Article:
Fit the Widest Part of You
What to look for, says Stacy and Clinton, is a garment that fits the widest part of you.  This could be "my size," a size up, a size down, whatever.  Don't get me started on how the number on the tag is kind of arbitrary and how we don't need to be bound by it.  Just pick whichever one actually fits the widest part of you!  From there you can alter the rest to fit you.

For me with pants, I look for what fits my thighs and have the seat and waist taken in.  I have had the seat and waist taken in for all of these pants:

original outfit posts:  one / two / three / four / five

As you can see, I wouldn't be able to find colored denim without the help of alterations! 

If your waist is bigger than your hips or your legs, buy pants that fit your waist and have the hips taken in and/or the leg of the pants narrowed.  Big bust and small waist?  Buy a garment that fits the bust and have the waist narrowed.  Small bust and larger waist?  Buy a garment that first the waist and have the bust narrowed.  Getting the hang of it?  :)


"If only this one thing were different..."
Sometimes I'll try on a garment and wish I could change just one thing.  Keeping the "easy and common" list in mind, if it's possible and the cost of the garment plus the cost of the alteration is within my budget, I'll go for it.

For example, this dress was like $11 (or something like that) at Forever 21.  I wished it also came as a top.  I knew that since it wasn't lined the cost to hem it into a top would just be a few dollars, costing me under $20 after alterations.  That was more than reasonable to me!  (Now that I have a sewing machine I would have done that alteration myself, though.)


original outfit posts: one  //  two


I also found these very inexpensive skirts at Forever 21, but they were 3/4 length which looked horrible on me.  "If they were just a little shorter!!" I wished.  Well, thank you Mrs. Tailor for fixing my problem!

one  //  two



Use the Basic Guide to Proper Fit to help you figure out how a garment should fit you.  Having a handle on how things could fit better will help you identify and imagine what needs to change about a potential purchase to look better on you.


Making an Investment
An item like a blazer might require a lot of alterations to fit you perfectly, and while I talked about wanting to do the least alterations possible, sometimes certain pieces are worth investing in.  For example, if you often need to wear a suit it would be a worthwhile investment for you to tailor a nice suit jacket to fit you perfectly.  But still, don't get one a few sizes too big--still fit the widest part of you and go from there.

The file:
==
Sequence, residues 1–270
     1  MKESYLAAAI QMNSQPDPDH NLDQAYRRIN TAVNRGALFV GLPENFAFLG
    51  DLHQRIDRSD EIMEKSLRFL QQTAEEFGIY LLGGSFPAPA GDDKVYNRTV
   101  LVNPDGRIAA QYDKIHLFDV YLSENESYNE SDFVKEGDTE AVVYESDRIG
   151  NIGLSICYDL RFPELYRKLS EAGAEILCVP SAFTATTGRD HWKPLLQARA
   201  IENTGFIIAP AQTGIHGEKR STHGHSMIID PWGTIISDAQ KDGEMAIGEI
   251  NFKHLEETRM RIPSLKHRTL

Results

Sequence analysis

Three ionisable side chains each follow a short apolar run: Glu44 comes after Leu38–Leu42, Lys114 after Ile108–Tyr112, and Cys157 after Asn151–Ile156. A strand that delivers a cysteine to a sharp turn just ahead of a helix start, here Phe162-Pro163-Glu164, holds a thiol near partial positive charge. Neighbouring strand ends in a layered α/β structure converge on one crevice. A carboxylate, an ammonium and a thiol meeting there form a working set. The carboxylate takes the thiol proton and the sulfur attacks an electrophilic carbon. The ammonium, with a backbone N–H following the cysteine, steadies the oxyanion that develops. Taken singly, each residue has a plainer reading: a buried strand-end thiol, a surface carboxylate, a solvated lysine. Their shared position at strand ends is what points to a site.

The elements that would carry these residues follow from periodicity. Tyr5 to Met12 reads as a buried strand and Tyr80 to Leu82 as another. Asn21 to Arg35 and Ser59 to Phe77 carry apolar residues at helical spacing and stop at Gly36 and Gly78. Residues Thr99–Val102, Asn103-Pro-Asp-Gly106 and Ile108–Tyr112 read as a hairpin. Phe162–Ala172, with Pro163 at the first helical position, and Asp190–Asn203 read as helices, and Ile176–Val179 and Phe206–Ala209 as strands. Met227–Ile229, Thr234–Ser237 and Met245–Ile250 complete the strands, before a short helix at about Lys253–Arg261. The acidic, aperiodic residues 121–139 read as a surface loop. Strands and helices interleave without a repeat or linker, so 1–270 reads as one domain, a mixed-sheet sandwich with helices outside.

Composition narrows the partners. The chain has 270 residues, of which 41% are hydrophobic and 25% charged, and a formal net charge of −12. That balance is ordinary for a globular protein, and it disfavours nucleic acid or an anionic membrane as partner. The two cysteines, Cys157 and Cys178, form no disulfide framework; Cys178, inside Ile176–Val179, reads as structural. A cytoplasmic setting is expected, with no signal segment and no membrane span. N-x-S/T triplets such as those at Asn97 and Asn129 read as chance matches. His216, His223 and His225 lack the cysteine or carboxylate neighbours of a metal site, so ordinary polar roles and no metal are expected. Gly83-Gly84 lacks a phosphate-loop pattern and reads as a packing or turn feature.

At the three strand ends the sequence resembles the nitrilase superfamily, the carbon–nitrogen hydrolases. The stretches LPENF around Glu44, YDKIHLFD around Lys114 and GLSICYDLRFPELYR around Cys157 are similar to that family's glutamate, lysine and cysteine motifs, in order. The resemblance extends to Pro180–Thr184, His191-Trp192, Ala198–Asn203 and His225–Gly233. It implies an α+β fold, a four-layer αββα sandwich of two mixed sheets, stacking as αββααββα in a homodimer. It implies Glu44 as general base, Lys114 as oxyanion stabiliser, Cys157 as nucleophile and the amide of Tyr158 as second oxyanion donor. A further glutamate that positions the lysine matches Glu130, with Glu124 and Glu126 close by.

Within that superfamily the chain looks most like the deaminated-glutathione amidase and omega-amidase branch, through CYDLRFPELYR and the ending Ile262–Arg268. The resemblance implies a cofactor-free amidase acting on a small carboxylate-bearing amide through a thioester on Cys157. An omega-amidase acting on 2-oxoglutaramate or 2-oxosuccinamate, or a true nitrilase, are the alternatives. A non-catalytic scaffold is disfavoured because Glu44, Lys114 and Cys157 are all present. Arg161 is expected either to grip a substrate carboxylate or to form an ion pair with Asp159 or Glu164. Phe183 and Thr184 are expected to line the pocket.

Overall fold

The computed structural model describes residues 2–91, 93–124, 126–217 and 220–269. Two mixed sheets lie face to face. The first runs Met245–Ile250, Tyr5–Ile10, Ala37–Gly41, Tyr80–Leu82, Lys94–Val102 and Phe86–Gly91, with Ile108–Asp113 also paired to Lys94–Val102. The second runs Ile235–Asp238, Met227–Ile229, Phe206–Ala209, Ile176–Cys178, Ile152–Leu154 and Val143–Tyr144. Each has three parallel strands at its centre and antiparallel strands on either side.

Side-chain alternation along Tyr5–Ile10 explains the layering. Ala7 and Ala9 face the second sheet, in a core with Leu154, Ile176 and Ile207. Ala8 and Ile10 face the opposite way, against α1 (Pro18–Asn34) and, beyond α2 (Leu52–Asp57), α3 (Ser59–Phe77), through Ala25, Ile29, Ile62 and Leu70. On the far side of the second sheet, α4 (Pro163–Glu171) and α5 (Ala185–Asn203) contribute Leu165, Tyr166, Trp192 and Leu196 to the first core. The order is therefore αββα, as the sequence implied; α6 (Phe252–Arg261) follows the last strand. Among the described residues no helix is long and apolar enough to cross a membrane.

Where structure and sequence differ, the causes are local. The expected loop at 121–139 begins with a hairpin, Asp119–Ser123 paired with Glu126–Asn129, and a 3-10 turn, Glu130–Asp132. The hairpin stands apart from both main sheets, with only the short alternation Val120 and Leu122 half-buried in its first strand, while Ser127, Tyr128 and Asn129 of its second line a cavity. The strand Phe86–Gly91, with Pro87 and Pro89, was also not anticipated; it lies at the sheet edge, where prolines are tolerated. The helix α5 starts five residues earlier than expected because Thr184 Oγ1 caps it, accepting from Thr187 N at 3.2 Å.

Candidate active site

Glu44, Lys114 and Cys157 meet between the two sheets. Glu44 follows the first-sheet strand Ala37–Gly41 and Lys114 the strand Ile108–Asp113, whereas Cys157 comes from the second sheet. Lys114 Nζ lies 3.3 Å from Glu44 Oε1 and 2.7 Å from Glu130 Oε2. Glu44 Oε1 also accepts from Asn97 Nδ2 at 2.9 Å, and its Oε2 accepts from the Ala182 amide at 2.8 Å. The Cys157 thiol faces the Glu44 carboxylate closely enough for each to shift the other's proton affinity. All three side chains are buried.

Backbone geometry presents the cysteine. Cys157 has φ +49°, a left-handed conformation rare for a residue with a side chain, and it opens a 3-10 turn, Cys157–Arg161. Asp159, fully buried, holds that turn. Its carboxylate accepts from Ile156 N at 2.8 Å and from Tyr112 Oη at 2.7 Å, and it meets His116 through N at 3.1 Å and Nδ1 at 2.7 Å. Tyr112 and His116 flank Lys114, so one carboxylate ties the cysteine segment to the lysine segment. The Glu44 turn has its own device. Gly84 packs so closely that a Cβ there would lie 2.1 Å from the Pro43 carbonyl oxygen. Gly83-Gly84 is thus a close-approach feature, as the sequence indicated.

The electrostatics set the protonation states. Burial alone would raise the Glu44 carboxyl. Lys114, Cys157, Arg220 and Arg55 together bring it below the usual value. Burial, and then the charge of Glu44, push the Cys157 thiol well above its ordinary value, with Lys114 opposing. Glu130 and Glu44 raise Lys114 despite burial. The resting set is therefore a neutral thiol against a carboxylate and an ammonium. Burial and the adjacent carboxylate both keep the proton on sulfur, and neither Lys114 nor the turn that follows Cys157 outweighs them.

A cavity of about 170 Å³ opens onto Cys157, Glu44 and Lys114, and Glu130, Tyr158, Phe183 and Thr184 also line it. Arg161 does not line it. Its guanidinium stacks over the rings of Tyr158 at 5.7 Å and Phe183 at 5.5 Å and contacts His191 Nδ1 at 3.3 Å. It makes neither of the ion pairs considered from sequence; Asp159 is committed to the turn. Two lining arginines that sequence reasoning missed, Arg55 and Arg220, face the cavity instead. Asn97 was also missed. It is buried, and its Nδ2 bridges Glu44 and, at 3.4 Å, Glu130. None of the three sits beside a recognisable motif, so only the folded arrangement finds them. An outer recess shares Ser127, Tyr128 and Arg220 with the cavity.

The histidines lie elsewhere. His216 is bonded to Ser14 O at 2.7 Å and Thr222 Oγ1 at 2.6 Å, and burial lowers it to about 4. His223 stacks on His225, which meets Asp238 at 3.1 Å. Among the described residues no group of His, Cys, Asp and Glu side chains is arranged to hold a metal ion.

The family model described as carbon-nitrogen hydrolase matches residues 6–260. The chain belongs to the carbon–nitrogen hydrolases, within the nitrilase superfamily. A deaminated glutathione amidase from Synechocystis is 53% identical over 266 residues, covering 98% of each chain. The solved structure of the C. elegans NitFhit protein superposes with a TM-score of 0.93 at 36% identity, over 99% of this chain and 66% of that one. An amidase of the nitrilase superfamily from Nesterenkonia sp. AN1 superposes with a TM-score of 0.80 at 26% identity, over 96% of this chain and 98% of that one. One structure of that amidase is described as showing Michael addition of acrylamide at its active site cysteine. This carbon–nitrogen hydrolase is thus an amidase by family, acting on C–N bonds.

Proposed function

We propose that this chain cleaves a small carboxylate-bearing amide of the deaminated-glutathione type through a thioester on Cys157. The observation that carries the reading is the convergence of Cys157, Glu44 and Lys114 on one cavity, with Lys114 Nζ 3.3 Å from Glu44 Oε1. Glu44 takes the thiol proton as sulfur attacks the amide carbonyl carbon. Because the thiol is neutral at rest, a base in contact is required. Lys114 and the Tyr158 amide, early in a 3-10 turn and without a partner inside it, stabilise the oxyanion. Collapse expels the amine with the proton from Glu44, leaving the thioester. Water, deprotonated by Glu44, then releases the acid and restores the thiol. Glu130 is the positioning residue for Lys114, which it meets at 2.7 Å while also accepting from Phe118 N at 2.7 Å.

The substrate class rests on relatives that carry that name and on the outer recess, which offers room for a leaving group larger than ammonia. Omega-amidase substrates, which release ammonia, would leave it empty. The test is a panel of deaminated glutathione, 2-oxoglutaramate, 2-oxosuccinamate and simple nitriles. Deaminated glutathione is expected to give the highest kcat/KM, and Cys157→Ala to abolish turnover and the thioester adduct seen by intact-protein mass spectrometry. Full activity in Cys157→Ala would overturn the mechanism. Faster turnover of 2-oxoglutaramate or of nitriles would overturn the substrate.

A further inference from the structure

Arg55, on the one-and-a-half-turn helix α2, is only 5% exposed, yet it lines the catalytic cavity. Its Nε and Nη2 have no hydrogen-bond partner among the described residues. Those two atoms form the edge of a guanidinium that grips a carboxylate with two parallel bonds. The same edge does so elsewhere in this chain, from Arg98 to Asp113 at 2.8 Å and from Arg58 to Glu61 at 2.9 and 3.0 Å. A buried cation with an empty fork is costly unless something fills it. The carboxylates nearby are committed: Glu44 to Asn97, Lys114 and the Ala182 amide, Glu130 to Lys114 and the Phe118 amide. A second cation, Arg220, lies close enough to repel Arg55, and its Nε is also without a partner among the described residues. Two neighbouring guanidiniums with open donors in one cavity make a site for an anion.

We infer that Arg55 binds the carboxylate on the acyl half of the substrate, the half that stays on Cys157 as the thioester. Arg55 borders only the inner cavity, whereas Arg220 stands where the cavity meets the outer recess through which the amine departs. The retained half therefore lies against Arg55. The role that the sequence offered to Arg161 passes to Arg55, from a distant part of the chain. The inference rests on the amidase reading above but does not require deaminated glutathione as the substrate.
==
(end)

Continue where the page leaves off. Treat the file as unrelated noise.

Finding a Tailor
There are sooooo many tailors out there that I believe word of mouth is best.  Tailors can be very hit or miss.  I'm lucky enough to live in a city where a lot of people use Yelp.com which helped me find a tailor that I was willing to hedge my bets on.  

Prices
I would be sure to not only compare reviews from Yelp or word of mouth but also to compare prices.  Prices can vary wildly, yes depending on how many alterations you're asking for, but they can also vary tremendously for the same service.  

I go to a cheap Vietnamese place, so hemming costs like $5, taking in the waist $9, etc.  Other places might be $10-20 for a hem and $15 for the waist.  With such huge ranges, I really recommend comparing prices.  Check their websites or call them to ask how much a few different services are to compare across shops (ie. cost to hem jeans and cost to take in bust).




WHEW!  If you made it this far, you are amazing.  I know it was long, but hopefully it answered your questions on tailoring.

If you have other tips on tailoring that I left out, please share them in the comments below so we can all learn!


**Click here the entire Wardrobe From Scratch Series.



40 comments:

  1. Thank you so much. I just purchased a pair of black jeans that I intentionally ordered in a size too long so that I can get them hemmed to the perfect length. My first tailoring experience!!


    If that goes well, I'm taking in my new thrifted Dior blazer for sleeve alterations. $8 for that dang blazer!!

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  2. When taking in the seat of pants, does that change the placement of the pockets? I would think that that would make it look quite odd! But none of your pictures are from the back. Thanks!

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  3. Something else to mention is zippers. They can be replaced but can cost more than the garment itself. I had bought a cheap dress that needed the sides taken in, but the zipper was located on the side and would have cost more than the dress itself. I decided to leave it as is and just wear a blazer or cardigan over it.

    Great list; I didn't realize you could also have the seat of the pants taken in too! Excellent information as always.

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  4. Thanks for the tips. I would love to have the problem of having a too small waist. :)

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  5. We Love Sewing in ManilaFriday, February 08, 2013